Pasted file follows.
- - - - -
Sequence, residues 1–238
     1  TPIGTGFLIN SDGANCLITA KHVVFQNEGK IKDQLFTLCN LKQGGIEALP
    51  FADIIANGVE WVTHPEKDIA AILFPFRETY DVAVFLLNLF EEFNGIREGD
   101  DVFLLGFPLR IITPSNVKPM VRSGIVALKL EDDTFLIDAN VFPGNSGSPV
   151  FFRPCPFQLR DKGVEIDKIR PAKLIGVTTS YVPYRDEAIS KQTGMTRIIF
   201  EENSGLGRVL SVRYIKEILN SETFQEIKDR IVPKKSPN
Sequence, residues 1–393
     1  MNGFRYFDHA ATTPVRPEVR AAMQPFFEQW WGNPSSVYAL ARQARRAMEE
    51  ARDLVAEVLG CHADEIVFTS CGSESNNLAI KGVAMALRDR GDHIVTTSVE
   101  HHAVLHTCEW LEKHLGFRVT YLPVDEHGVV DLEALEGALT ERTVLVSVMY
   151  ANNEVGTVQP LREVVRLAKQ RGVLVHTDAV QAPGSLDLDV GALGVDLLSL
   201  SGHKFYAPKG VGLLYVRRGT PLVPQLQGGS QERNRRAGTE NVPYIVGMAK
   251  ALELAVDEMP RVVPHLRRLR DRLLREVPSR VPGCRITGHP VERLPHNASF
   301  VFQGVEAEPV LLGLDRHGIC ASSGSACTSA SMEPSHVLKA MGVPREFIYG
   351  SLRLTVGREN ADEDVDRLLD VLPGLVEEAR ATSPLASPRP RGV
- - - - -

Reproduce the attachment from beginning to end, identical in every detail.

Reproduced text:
Sequence, residues 1–238
     1  TPIGTGFLIN SDGANCLITA KHVVFQNEGK IKDQLFTLCN LKQGGIEALP
    51  FADIIANGVE WVTHPEKDIA AILFPFRETY DVAVFLLNLF EEFNGIREGD
   101  DVFLLGFPLR IITPSNVKPM VRSGIVALKL EDDTFLIDAN VFPGNSGSPV
   151  FFRPCPFQLR DKGVEIDKIR PAKLIGVTTS YVPYRDEAIS KQTGMTRIIF
   201  EENSGLGRVL SVRYIKEILN SETFQEIKDR IVPKKSPN
Sequence, residues 1–393
     1  MNGFRYFDHA ATTPVRPEVR AAMQPFFEQW WGNPSSVYAL ARQARRAMEE
    51  ARDLVAEVLG CHADEIVFTS CGSESNNLAI KGVAMALRDR GDHIVTTSVE
   101  HHAVLHTCEW LEKHLGFRVT YLPVDEHGVV DLEALEGALT ERTVLVSVMY
   151  ANNEVGTVQP LREVVRLAKQ RGVLVHTDAV QAPGSLDLDV GALGVDLLSL
   201  SGHKFYAPKG VGLLYVRRGT PLVPQLQGGS QERNRRAGTE NVPYIVGMAK
   251  ALELAVDEMP RVVPHLRRLR DRLLREVPSR VPGCRITGHP VERLPHNASF
   301  VFQGVEAEPV LLGLDRHGIC ASSGSACTSA SMEPSHVLKA MGVPREFIYG
   351  SLRLTVGREN ADEDVDRLLD VLPGLVEEAR ATSPLASPRP RGV